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Running Ubuntu 10.04

My server serves 3 different domains using named virtual hosts in Apache2. I'm current using different Named Virtual Servers to 301 redirect www to the non-www equivalent. It's working, but I don't understand the correct entries for my /etc/hosts file and I think that is causing problems for me trying to setup Varnish.

I understand I need the localhost line

127.0.0.1       localhost localhost.localdomain

Should I also list each domain here? as in

127.0.0.1       localhost localhost.localdomain example1.com example2.com example3.com

What about the entry for the IP of the server? Do I need the following line?

< IP.Of.Server >      example1.com example2.com example3.com

Also, should I be listing www.example.com AND example.com on each line, so they go into Apache and it can deal with the 301 redir?

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3 Answers

up vote 2 down vote accepted

I'm assuming this is for testing, otherwise you'd be setting up proper DNS records, not your hosts file.

What you want is for every name you want to call your web server with, to resolve to your server's IP address.

If you are testing from the server itself, then you can make everything point to 127.0.0.1, but of course also making it point to your server's actual IP address would work.

If you are testing from another machine, then of course you want every name to resolve to the server's real IP address.

The syntax is straingthforward:

IP.of.server        www.domain.name domain.name
IP.of.server        www.otherdomain.name otherdomain.name
IP.of.server        www.anotherdomain.name anotherdomain.name
IP.of.server        www.yetanotherdomain.name yetanotherdomain.name

...and so on.


Update:

Of course, what ErikA says is completely right. Modifying the hosts file is not needed for the server to work; it's only useful if/when you need to test it without having proper DNS records in place, or if you want to override them to connect f.e. to a test server instead of a production one.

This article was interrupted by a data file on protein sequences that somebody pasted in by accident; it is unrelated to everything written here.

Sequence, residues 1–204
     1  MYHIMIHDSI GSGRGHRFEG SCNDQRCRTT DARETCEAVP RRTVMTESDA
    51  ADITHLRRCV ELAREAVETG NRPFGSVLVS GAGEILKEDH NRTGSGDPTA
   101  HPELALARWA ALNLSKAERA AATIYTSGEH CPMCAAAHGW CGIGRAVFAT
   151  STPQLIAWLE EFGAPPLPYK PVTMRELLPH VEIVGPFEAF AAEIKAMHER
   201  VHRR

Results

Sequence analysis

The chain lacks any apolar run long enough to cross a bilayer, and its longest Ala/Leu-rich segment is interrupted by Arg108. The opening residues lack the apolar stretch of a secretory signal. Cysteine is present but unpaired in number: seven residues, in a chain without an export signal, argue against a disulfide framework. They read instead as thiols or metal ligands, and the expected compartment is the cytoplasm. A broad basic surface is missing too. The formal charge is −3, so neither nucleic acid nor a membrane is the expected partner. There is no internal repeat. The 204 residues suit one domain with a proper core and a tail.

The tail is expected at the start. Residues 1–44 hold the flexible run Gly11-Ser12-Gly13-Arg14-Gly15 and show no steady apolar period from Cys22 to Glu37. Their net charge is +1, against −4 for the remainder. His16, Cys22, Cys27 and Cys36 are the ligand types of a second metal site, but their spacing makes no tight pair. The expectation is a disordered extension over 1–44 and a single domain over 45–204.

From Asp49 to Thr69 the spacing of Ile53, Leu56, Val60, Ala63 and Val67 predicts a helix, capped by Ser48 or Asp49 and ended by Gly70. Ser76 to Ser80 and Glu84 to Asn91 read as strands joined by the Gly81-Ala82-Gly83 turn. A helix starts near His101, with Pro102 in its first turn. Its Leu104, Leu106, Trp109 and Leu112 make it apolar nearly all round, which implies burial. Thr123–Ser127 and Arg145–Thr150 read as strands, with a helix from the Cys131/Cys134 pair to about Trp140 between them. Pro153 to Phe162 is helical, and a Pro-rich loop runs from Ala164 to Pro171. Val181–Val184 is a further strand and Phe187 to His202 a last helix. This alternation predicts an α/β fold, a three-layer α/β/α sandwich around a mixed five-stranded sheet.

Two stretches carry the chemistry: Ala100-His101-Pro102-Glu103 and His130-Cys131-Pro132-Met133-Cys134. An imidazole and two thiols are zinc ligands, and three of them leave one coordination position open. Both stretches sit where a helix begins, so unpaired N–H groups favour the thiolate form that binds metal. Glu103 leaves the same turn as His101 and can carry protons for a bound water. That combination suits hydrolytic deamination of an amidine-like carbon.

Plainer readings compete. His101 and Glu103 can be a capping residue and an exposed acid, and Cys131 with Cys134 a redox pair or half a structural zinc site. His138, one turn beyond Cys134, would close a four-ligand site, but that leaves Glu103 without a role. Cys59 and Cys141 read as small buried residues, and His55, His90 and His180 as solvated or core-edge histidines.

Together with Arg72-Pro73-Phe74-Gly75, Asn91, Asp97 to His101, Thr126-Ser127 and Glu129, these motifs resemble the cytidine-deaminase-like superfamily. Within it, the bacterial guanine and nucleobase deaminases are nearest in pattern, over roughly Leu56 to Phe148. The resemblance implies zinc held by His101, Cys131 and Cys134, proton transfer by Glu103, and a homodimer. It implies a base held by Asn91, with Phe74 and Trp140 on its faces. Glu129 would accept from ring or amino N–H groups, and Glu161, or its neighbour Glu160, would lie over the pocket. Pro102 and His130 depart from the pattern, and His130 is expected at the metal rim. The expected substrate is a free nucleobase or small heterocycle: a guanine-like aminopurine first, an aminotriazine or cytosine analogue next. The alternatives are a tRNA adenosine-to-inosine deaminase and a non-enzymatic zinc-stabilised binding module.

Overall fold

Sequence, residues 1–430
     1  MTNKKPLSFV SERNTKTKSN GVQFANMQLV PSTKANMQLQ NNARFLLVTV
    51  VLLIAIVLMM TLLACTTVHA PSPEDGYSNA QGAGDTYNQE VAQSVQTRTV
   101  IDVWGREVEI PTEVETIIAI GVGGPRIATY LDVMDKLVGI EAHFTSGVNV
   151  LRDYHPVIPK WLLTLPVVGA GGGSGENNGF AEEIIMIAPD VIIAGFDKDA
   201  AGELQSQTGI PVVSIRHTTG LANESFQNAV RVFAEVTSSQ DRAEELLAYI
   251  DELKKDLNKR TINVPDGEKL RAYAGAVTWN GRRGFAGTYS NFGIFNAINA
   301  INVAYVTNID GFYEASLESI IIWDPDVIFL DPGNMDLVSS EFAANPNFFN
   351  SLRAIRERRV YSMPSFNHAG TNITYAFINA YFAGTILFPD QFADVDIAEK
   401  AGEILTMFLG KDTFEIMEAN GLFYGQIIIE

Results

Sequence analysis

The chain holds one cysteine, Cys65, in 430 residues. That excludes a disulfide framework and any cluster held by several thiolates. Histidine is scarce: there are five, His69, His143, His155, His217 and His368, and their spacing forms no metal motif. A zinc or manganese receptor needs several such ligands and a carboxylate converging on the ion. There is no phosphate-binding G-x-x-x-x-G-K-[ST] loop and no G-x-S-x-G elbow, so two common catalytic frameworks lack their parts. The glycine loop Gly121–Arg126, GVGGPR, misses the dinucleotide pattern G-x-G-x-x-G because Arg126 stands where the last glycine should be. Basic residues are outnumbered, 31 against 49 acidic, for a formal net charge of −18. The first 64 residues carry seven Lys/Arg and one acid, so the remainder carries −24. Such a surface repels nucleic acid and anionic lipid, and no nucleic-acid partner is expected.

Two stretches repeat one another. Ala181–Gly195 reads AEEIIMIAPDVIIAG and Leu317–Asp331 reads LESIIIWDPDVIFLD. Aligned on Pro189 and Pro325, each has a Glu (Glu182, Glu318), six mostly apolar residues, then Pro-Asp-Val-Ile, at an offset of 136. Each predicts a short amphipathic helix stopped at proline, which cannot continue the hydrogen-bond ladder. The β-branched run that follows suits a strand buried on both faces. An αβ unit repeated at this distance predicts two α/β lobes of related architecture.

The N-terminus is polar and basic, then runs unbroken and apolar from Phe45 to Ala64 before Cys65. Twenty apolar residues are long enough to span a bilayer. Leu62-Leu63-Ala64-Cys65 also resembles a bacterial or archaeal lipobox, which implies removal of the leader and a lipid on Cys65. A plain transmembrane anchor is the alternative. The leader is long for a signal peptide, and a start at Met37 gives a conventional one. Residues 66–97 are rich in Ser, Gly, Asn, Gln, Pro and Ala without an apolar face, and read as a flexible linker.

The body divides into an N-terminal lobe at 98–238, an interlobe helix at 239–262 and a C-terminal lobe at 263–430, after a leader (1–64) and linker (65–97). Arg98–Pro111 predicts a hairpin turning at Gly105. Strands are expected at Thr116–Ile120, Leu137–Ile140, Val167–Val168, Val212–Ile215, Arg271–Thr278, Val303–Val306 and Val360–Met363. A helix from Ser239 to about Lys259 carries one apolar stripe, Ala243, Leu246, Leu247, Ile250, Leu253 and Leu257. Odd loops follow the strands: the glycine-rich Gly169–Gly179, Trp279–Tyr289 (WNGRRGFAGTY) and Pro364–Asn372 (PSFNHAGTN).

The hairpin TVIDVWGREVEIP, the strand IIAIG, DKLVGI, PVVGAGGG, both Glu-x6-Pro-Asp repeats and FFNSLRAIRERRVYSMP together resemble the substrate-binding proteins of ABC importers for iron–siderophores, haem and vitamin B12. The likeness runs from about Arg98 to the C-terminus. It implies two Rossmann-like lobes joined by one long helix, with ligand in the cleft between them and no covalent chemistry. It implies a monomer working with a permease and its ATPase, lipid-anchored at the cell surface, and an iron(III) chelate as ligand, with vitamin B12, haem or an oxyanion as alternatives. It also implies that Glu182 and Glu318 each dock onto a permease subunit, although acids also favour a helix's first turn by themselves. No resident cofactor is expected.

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I have proper dns records in place, so I'll just remove everything. Thanks –  Dan Grec Aug 11 '11 at 20:25
    
What should I set as "hostname"? –  Dan Grec Aug 11 '11 at 20:25
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The only reason you should ever need to use your hosts file is if you don't have a functioning DNS environment or if you need to temporarily override some DNS name for testing purposes.

Modifying the hosts file is not needed for using Name Virtual Servers.

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I had no idea. I have real DNS mappings set up. So I should just leave the "127.0.0.1 localhost localhost.localdomain" line and not put anyting else in there? –  Dan Grec Aug 11 '11 at 20:23
    
Yep, that should be just fine. No need to add anything else. –  EEAA Aug 11 '11 at 20:26
    
Normally the hosts file on a computer contains only the mappings for localhost and the computer's actual host name. –  Massimo Aug 11 '11 at 20:26
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The IP entry should be whatever Apache is listening on. So if you have <VirtualHost 1.2.3.4:80>, your hosts entry should start with 1.2.3.4.

If you're listening on all your interfaces, then lucky you! You get to pick one! And 127.0.0.1 will work just fine.

As for the part on the right, it must match what you type in the address bar. So if you want to be able to type www.example.com in your address bar and have something happen, then you'll need that name in your hosts file telling your computer which IP that means. Apache can only handle the redirect if the traffic gets there to begin with; hence the hosts file entry.

And I'm sure I needn't say that this is only appropriate for a development setup. Host-IP address mappings should be done by a DNS server, not a static file.

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